Did Jesus Forbid Remarriage? Dr. Eli Lizorkin-Eyzenberg
In the Gospel of Mark, Pharisees come to Jesus and ask him: “Can a man divorce a woman?” (Mark 10:1-12) In summing up his answer, Jesus states: “Whoever divorces his wife and marries another commits adultery against her, and if she divorces her husband and marries another, she commits adultery.” (Mark 10:12)
This seems to be a statement that completely denies any legitimacy to divorce and remarriage altogether. But the Gospel of Matthew clarifies that this was not exactly the question asked.
Literally, no Israelite at the time of Jesus thought it possible that the Word of God given through Moses was completely wrong in permitting divorce at all (and they were right!). In fact, no one was debating if divorce was allowed, but rather how liberally (or not) it could be practiced.
The Gospel of Mathew provides a fuller version of this question and therefore sets Jesus’ answer in its proper context. According to Mathew’s gospel, some Pharisees tested Jesus by asking him: “Can a man divorce a woman for any reason?” (Mathew 19:3-9)
The conservative Jewish approach understood “unfaithfulness”, “abuse”, or “abandonment” as the only valid grounds for divorce (cf. Deut 24:1-4; Exod 21:10-11). This view was represented by the Pharisaic rabbi Shammai, while various more progressive Jewish interpreters argued that a man had the right to divorce his wife for any reason at all (Babylonian Talmud, Gittin 90a). The later view was represented by another Pharisaic rabbi named Hillel.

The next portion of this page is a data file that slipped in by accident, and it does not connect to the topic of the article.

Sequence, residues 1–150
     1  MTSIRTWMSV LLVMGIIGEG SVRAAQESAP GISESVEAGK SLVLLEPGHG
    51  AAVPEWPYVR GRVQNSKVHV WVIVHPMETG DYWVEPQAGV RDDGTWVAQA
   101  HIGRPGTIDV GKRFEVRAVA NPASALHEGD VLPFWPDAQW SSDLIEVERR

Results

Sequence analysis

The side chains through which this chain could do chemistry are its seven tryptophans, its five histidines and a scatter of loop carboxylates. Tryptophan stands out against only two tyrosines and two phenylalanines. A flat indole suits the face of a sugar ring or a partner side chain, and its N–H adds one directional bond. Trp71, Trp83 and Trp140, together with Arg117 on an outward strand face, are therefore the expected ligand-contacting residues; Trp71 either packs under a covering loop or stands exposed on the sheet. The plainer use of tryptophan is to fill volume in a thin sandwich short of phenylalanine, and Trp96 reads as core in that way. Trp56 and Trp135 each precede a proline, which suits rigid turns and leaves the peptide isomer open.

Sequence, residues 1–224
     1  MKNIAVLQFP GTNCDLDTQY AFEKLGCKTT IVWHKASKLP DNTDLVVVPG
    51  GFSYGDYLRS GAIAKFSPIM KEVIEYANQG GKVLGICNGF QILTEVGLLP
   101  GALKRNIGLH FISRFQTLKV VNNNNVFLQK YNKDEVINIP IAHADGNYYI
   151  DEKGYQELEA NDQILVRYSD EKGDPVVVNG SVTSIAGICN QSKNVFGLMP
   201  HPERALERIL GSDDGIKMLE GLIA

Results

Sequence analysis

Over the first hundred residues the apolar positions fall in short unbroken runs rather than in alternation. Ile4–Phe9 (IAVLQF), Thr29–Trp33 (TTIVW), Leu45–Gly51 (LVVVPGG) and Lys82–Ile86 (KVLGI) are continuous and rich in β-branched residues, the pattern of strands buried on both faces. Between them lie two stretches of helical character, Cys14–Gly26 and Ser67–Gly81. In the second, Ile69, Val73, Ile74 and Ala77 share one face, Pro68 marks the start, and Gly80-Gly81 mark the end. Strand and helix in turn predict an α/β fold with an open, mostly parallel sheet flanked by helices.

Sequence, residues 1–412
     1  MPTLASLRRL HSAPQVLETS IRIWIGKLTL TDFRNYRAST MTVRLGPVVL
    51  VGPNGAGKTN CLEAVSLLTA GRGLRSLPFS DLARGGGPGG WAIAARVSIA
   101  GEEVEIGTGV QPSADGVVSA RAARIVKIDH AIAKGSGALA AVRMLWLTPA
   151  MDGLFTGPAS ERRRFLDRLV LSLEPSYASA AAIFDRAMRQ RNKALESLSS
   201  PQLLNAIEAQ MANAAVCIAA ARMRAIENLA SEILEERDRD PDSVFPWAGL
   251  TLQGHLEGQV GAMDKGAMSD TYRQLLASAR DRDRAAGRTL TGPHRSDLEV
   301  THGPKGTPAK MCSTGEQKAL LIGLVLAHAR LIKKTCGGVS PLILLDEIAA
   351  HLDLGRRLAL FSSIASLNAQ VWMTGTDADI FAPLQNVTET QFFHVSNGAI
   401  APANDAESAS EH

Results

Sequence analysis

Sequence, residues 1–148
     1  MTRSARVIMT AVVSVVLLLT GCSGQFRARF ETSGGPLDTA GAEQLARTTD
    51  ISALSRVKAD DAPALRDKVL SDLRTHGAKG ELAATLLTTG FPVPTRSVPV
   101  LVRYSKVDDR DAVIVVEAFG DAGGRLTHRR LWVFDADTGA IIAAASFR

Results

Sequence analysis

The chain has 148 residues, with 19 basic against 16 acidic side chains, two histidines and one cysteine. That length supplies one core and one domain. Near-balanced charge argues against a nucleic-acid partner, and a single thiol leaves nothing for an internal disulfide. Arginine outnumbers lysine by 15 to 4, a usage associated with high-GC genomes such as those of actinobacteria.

In other words, there were many illegitimate divorces granted in the Jewish community in the time of Jesus that were not consistent with God’s instructions in the Torah. It is in this divorce-for-any-reason environment Jesus is quoted as saying, “Everyone who divorces his wife and marries another commits adultery, and he who marries one who is divorced from a husband commits adultery.” (Luke 16:18, Mark 10:12)
If read in 21st century Christian context, it would seem that Jesus forbade all remarriage.
If it is read in a first-century Jewish context, Jesus’ statement cannot be interpreted as a blanket statement condemning all remarriage, but only when illegitimate divorce was involved.
When Jesus was faced with this question, he rejected the idea taught by Pharisees of the house of Hillel (that divorce was permissible for any reason) and sided with both the Pharisees from the house of Shammai and the Essenes who taught the opposite.